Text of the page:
Alajmi held a massive chip lead at the start of the final table with 12,775,000, more than double State in second place. Andrian began in fourth place, part of a group crowded in the middle of the pack that included Fahredin Mustafov, Dato, and Daniliuk.
Albakeer was eliminated on the second hand of the final table when he shoved for 2,525,000 with ace-queen but Daniliuk called with ace-king. Panagides and Andrian then played a coin flip for more than 6,500,000. Panagides spiked an ace on the turn to beat Andrians pocket nines and leave the former chip leader with just ten big blinds.
Andrians luck turned around a few hands later when he raised to 1,300,000 with just 300,000 behind. Dato called and Andrian got his last chips in on the flop with a pair of jacks. Dato, though, had a pair of kings but Andrian spiked two pair on the turn to double up and leave Dato as an extreme short stack. Dato was eliminated in eighth place the next hand by Akimov.
For most of the final table, it seemed like Alajmi couldnt miss as he continued to accumulate chips and pull away from the pack. Panagides found that out when Alajmi turned two pair to beat his pair of aces and bust the native Cypriot in seventh place.
Andrian doubled up again when he won a classic coin flip with ace-king against Akimovs queens. Akimov then got his last 2,150,000 in the middle with ace-queen and dominated States ace-jack, but State spiked a jack on the flop to eliminate Akimov in sixth place. State also eliminated Mustafov in fifth after turning a straight with ace-queen as he seemed primed to challenge Alajmis chip lead.
Whatever progress Andrian had made climbing back into contention was quickly undone when he called Daniliuks shove for 3,075,000 with ace-ten. Daniliuk had queen-jack but paired his queen on the turn to win the pot and double up. Left with just six big blinds, Andrian shoved for 875,000 a few hands later with jack-five. Daniliuk called with king-eight and Andrian managed to pair his jack to win the pot and begin his comeback.
Andrian then bluff-shoved with just ace-high and got State to fold a pair with straight and flush draws as Andrian climbed back up over 7,000,000. He then eliminated Daniliuk in fourth place when he paired his three on the flop to get back over 10,000,000. Andrian narrowed the gap with Alajmi further when Alajmi turned a straight, but Andrian rivered a flush with pocket queens to win a massive pot. He then took the chip lead for the first time at the final table when he bet 1,200,000 with two pair and Alajmi called with pocket eights.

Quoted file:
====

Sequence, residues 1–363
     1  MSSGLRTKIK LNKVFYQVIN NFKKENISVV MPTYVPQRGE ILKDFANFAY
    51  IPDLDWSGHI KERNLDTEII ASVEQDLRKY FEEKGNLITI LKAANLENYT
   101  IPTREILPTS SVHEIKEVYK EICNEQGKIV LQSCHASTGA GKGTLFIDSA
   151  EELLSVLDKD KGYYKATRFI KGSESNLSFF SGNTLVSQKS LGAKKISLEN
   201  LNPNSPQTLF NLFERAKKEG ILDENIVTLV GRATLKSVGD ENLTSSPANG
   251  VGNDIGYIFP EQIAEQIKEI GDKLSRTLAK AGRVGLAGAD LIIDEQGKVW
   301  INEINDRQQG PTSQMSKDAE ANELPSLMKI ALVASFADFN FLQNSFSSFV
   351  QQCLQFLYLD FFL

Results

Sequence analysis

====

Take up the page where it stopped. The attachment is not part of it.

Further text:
State had fallen to the short stack when he committed most of his chips with king-deuce. Andrian moved all in with ace-king and State called off the rest of his stack as he finished in third place. Alajmi took a slight chip lead over Andrian into heads-up play, holding 23,025,000 to 21,600,000.
The two plyers remained virtually tied and exchanged the lead numerous times until the hand that proved to be the pivotal point of the tournament. Andrian three-bet to 5,000,000 and Alajmi called. Andrian then moved all in for 16,500,000 on an eight-high flop and Alajmi tanked for several minutes before calling with a pair of eights. Andrian, though, had two kings and doubled up to take a commanding chip lead, one hand already around the trophy. Alajmi was left with just 725,000 and was eliminated the next hand with ace-deuce against ace-jack. Andrian paired his jack on the flop and Alajmi was left drawing dead by the turn.
All the dealers dressed up as cowboys, the horses in the middle of the room, and the decor of the Merit Crystal Cove Hotel and Casino evoked an image of the old Wild West that is kept alive through movies and television. It is one that survives now only in story form. And today at the final table, nobody told a better story than Andrian.
That concludes PokerNews coverage of the Merit Poker Western Series Warm Up. Stay tuned for more coverage of the High Roller and Main Event that kicks off tomorrow.